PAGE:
Special Mission 16, Secondary target Nagasaki, 9 August 1945[86]
Aircraft Pilot Call Sign Mission role
Enola Gay Captain George W. Marquardt Dimples 82 Weather reconnaissance (Kokura)
Laggin’ Dragon Captain Charles F. McKnight Dimples 95 Weather reconnaissance (Nagasaki)
Bockscar Major Charles W. Sweeney Dimples 77 Weapon Delivery
The Great Artiste Captain Frederick C. Bock Dimples 89 Blast measurement instrumentation
Big Stink Major James I. Hopkins, Jr. Dimples 90 Strike observation and photography
Full House Major Ralph R. Taylor Dimples 83 Strike spare—did not complete mission

On the morning of 9 August 1945, the B-29 Superfortress Bockscar, flown by Sweeney’s crew, carried Fat Man, with Kokura as the primary target and Nagasaki the secondary target. The mission plan for the second attack was nearly identical to that of the Hiroshima mission, with two B-29s flying an hour ahead as weather scouts and two additional B-29s in Sweeney’s flight for instrumentation and photographic support of the mission. Sweeney took off with his weapon already armed but with the electrical safety plugs still engaged.[87]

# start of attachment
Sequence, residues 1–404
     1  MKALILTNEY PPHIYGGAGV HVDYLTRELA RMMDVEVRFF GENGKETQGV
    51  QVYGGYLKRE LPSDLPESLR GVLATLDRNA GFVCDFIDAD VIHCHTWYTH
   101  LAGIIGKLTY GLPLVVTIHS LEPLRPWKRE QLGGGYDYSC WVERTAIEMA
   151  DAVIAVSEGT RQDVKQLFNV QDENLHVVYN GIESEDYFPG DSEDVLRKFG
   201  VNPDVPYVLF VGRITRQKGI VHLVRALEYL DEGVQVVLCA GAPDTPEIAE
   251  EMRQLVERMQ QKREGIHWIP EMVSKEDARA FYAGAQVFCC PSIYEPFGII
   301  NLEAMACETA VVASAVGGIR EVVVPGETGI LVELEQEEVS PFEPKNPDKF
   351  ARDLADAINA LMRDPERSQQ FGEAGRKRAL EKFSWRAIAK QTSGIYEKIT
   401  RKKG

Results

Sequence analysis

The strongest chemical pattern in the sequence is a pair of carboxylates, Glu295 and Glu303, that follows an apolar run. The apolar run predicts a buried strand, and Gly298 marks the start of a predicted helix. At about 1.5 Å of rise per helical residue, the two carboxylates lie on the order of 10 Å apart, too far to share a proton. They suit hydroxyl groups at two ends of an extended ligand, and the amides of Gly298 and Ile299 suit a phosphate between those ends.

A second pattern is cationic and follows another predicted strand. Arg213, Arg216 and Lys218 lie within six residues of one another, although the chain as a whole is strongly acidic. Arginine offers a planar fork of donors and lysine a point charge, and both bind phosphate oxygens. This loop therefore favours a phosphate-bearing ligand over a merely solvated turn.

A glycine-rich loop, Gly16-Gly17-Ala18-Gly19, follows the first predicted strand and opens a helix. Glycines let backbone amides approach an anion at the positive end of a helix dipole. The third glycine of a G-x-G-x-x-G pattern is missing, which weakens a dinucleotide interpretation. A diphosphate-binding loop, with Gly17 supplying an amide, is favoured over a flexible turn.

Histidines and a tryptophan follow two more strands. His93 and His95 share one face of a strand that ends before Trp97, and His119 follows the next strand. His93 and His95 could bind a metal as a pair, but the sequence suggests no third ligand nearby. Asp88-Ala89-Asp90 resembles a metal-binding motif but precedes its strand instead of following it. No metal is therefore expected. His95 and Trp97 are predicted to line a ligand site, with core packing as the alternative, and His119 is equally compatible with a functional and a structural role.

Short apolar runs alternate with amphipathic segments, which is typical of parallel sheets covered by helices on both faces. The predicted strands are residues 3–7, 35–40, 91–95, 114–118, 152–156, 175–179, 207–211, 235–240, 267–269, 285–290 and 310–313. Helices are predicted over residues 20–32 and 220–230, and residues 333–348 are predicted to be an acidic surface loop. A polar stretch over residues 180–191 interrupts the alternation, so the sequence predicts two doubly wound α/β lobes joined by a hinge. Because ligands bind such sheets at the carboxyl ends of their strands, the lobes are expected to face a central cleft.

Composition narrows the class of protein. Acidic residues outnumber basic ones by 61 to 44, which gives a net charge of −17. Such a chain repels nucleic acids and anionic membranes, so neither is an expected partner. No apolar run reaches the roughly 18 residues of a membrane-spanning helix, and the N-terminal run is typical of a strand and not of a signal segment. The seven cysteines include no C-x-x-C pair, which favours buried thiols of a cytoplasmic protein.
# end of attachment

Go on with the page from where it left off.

This time Penney and Cheshire were allowed to accompany the mission, flying as observers on the third plane, Big Stink, which was flown by the group’s Operations Officer, Lieutenant Colonel James I. Hopkins, Jr. Observers aboard the weather planes reported both targets clear. When Sweeney’s aircraft arrived at the assembly point for his flight off the coast of Japan, Big Stink failed to make the rendezvous. Bockscar and the instrumentation plane circled for 40 minutes without locating Hopkins. Already 30 minutes behind schedule, Sweeney decided to fly on without Hopkins.[87]

By the time they reached Kokura a half hour later, a 70% cloud cover had obscured the city, inhibiting the visual attack required by orders. After three runs over the city, and with fuel running low because a transfer pump on a reserve tank had failed before take-off, they headed for their secondary target, Nagasaki.[87] Fuel consumption calculations made en route indicated that Bockscar had insufficient fuel to reach Iwo Jima and would be forced to divert to Okinawa. After initially deciding that if Nagasaki were obscured on their arrival the crew would carry the bomb to Okinawa and dispose of it in the ocean if necessary, the weaponeer, Navy Commander Frederick Ashworth, decided that a radar approach would be used if the target was obscured.[88]